Cleansing the umbilical cord with chlorhexidine reduces neonatal morbidity and mortality, particularly in communities where newborn deaths and home births are common. As a result, the World Health Organization and national authorities are advocating the scale up of this intervention. In order for such a scale up to be effective, it has to be acceptable to the targeted population. With the overall aim to clarify conditions for scale-up, this study explored the acceptability of single dose chlorhexidine solution for umbilical cord care among health workers and infant care providers in the districts of Kampala and Mukono in Central Uganda.
This was a qualitative study that involved mothers of neonates enrolled in a chlorhexidine trial, nurses implementing the trial, key community members and opinion leaders in childcare. We conducted 30 in depth interviews (IDIs) with mothers (18), health workers (8), traditional birth attendants (2), a father (1) and a grandmother (1) and 4 focus group discussions (FGDs), 3 with mothers and 1 with health workers. We used qualitative content analysis to analyze our findings and borrow upon Sekhon’s model when presenting our findings.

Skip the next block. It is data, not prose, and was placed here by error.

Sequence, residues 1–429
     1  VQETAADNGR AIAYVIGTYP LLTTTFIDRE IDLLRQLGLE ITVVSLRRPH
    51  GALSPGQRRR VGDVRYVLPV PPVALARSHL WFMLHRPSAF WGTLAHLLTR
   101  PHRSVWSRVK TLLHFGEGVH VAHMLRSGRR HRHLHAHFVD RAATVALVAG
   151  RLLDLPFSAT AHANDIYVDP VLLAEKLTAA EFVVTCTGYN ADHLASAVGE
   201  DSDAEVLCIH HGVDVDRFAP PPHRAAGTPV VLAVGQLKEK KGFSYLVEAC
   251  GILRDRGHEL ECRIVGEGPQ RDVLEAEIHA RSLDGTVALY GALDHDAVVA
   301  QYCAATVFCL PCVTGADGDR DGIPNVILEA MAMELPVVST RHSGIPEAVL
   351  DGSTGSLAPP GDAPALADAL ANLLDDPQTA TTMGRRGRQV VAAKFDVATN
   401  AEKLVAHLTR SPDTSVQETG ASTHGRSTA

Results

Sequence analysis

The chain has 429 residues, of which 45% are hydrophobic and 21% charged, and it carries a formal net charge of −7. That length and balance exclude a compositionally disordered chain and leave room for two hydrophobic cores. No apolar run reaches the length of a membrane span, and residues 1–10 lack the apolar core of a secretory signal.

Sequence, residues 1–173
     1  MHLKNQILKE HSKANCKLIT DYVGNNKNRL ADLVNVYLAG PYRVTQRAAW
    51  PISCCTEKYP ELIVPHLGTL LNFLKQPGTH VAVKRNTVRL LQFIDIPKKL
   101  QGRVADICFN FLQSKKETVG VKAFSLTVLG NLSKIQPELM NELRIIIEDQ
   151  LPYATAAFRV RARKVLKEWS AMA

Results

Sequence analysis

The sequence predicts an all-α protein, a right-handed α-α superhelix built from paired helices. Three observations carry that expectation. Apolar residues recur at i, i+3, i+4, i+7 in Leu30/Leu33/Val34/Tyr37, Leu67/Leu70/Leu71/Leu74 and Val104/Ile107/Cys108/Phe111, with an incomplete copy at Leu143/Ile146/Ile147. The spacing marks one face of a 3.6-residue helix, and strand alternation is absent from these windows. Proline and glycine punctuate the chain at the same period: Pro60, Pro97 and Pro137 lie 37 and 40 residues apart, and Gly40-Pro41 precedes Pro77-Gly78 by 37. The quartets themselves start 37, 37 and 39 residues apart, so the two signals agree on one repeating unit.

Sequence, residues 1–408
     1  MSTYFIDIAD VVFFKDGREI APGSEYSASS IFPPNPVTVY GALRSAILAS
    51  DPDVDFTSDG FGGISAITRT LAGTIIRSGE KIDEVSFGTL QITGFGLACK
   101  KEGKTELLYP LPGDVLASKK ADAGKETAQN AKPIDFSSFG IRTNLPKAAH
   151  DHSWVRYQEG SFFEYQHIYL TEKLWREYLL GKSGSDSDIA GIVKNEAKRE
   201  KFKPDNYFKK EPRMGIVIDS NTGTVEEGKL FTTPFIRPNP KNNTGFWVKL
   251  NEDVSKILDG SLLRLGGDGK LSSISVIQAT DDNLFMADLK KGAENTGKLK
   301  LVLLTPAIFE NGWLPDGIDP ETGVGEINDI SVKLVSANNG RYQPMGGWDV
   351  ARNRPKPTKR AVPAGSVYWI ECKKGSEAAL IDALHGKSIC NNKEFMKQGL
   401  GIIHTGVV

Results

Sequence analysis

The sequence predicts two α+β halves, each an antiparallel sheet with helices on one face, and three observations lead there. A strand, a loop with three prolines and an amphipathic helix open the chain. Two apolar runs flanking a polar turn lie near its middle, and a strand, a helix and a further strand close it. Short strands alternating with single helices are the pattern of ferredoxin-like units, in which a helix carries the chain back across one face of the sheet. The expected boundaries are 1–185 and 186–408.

Cognitive and emotional responses to chlorhexidine use included ease of use, and a perception that chlorhexidine reduced smell and abdominal colic. We also found that wider social and cultural factors were important to chlorhexidine use. These included cultural value put on quick separation of the umbilical cord as well as the practice of bathing the baby in a herbal mixture called kyogero. We also found that older relatives were key decision makers in umbilical cord care for newborns, but were seldom present during health workers’ counseling of mothers about hygienic care of the cord.
The application of chlorhexidine on the umbilical cord stump at birth was acceptable as an addition rather than a total replacement of traditional substances. The scale up of chlorhexidine should consider how to accommodate local beliefs and practices in a way that does not compromise the effect of the intervention; encouraging mothers to delay the bathing of babies in kyogero could be one way of doing this.
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